So far in this series, we’ve covered the sporty Chevy Camaro from the USA and the chi-chi, hipster-friendly (but eminently practical) Piaggio Ape from Italy, so it’s about time we turned our attention to a British vehicle. A humble little thing that was once sometimes the subject of derision, but that’s gone on to achieve iconic status and become a highly prized collectable: the Morris Minor Traveller.
Debuting in 1953, the Traveller was the estate version of the Morris Minor, which had launched five years previously. Originally named the Mosquito (the name was changed at the last minute by Morris Motors’ owner Lord Nuffield), the Minor was designed by a junior engineer named Alec Issigonis, the aim being to produce a practical, compact vehicle that was affordable, but one that “the average man would take pleasure in owning, rather than feeling of it as something he’d been sentenced to.”
The Morris Minor could, in fact, be considered Britain’s answer to the Volkswagen Beetle or the Fiat 500 Topolino. First shown at the Earl’s Court Motor Show on 1 October 1948, it had a 917cc Morris engine and was available in several different configurations – two-door and four-door, saloon and convertible. But it wasn’t until 1953, following the merger of the Nuffield Organisation with Austin Motor Company to form the British Motor Corporation that the more efficient 803cc Series II model arrived, and with it the Traveller estate model.
The Traveller Has Landed
The Traveller featured an external ash wood frame for the rear body, placing it in the ‘woody’ category of estate cars so beloved of US surfers of the day, and two side-hinged rear doors. The main framework of the car was assembled at Morris’s Cowley plant, with the wooden rear manufactured in Coventry; both parts were then transferred to the MG factory at Abingdon for full assembly. The following year (1953), steel-framed commercial variants were also introduced: the Morris Quarter-Ton Van and Morris Pick-up.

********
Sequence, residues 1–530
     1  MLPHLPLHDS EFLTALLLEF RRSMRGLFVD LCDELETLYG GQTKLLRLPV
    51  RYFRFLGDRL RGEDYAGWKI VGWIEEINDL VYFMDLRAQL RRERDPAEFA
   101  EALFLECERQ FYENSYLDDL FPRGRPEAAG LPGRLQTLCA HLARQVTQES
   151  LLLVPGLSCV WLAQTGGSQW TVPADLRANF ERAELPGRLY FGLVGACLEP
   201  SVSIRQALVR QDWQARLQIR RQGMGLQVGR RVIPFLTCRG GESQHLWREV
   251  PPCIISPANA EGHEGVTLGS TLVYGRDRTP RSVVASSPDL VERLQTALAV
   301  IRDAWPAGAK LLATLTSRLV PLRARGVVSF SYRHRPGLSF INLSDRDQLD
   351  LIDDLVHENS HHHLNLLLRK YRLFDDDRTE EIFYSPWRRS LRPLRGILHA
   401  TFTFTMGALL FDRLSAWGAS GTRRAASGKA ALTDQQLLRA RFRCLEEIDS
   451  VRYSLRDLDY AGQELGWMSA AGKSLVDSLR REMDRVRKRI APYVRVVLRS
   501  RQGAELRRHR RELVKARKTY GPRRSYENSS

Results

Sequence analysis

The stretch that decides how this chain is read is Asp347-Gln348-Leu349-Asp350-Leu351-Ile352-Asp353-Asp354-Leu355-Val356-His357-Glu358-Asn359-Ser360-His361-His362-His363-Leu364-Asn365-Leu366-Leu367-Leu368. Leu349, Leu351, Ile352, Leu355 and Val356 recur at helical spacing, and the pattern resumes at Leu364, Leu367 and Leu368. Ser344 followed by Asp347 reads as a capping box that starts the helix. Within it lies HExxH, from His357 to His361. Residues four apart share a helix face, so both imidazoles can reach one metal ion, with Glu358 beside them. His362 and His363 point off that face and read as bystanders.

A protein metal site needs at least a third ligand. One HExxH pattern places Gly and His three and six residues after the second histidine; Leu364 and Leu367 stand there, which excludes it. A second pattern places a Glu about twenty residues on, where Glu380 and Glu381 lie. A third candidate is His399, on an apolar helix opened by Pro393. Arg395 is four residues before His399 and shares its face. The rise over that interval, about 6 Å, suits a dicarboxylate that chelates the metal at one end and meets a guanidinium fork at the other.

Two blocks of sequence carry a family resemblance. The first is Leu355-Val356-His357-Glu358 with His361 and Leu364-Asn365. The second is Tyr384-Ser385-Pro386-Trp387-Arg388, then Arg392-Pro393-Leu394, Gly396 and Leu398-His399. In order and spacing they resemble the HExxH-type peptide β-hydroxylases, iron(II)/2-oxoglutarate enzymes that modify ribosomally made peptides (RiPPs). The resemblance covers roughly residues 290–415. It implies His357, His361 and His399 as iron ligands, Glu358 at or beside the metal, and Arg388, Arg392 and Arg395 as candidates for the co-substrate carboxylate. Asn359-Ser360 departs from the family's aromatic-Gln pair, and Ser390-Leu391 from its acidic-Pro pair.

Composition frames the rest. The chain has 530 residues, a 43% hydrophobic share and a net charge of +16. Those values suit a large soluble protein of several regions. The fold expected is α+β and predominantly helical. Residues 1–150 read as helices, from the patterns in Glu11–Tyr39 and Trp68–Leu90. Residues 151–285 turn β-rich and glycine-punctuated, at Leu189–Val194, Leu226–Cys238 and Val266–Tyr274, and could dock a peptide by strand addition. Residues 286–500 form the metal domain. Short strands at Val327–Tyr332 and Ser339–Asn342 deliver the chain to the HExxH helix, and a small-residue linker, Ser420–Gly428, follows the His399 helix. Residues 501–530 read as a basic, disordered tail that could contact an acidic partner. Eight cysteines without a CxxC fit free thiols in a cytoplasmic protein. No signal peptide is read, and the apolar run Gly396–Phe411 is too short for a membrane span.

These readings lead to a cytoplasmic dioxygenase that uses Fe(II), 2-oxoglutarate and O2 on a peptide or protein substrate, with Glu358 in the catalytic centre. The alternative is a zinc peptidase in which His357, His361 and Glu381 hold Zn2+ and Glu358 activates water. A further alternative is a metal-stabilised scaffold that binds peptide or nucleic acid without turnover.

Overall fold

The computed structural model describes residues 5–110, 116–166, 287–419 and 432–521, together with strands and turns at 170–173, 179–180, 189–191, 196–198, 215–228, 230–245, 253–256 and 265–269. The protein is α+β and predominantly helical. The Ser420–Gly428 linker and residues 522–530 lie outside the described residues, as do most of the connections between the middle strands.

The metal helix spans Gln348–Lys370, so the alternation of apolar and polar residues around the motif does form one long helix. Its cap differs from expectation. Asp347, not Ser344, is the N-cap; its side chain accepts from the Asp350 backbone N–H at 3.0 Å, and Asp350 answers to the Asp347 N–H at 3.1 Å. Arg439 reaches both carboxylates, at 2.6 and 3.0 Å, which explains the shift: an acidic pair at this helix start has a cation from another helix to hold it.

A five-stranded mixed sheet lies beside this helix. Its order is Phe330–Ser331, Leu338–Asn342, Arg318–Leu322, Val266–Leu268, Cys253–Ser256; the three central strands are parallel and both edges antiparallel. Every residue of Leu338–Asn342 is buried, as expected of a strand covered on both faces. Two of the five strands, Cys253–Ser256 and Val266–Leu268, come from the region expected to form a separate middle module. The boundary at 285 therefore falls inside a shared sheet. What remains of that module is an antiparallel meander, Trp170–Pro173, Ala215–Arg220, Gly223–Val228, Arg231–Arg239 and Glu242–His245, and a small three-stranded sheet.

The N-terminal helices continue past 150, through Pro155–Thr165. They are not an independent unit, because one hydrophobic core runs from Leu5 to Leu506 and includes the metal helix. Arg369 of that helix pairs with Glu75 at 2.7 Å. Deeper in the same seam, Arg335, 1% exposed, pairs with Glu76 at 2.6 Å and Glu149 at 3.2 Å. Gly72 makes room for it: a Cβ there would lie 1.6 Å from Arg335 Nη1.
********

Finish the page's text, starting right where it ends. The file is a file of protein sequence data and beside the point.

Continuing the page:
Series III (with a larger, 948cc engine) and Series V (upping engine size to 1,098cc) versions would follow in 1956 and 1962, respectively, before production ceased in 1971, with a Traveller being the last-ever Morris Minor to roll off the line on 1 April that year. Over 1.6 million Morris Minors (of all varieties) were produced in total during the car’s 23-year lifespan, with some 65,000 of those exported to the US market.
There was a time, in the 1980s, when the humble Morris Minor was regarded as something of a joke – see, for instance, Morris Minor & The Majors’ Beastie Boys-parodying 1987 novelty hit ‘Stutter Rap’. But times change, and the Morris Minor’s quintessential Englishness has made it a firm favourite among collectors today. Motoringresearch.com puts it rather eloquently: “It harks back to a more innocent time, when footballers resembled Subbuteo men… a time of Nurse Gladys Emmanuel and pale blue-and-white panda cars making proper ‘nee-nah’ sounds.”
As with all vintage vehicles, prices vary considerably. Looking around a few specialist sites, the most expensive model we could find (fully restored) was on sale for £17.5K, but that’s an outlier: as a rule of thumb, depending on year, model, mileage and condition around £11-£12K would seem to be about the standard, though you can find some Travellers going for as little as £6,500, in which case you might expect to be doing a little more restoration work of your own.
If you want to take the plunge, then look very closely at the wood frame. If it needs repairing or replacing, the good news is that parts are readily available and not overly costly – but the process, while fairly straightforward, can be extremely labour-intensive. This is reflected in the higher prices for those models where it’s already been done for you.
Then again, you may feel a few months’ worth of evenings in the garage are a small price to pay to own such an iconic piece of British motoring history! And as for the father of the Traveller, Alec Issigonis? He went on to design the Mini – but that’s a story for another day…
Here are a few Travellers we’ve had the pleasure of shipping:
If you’re planning to ship a car overseas from the UK, get in touch or get a free quote with us today.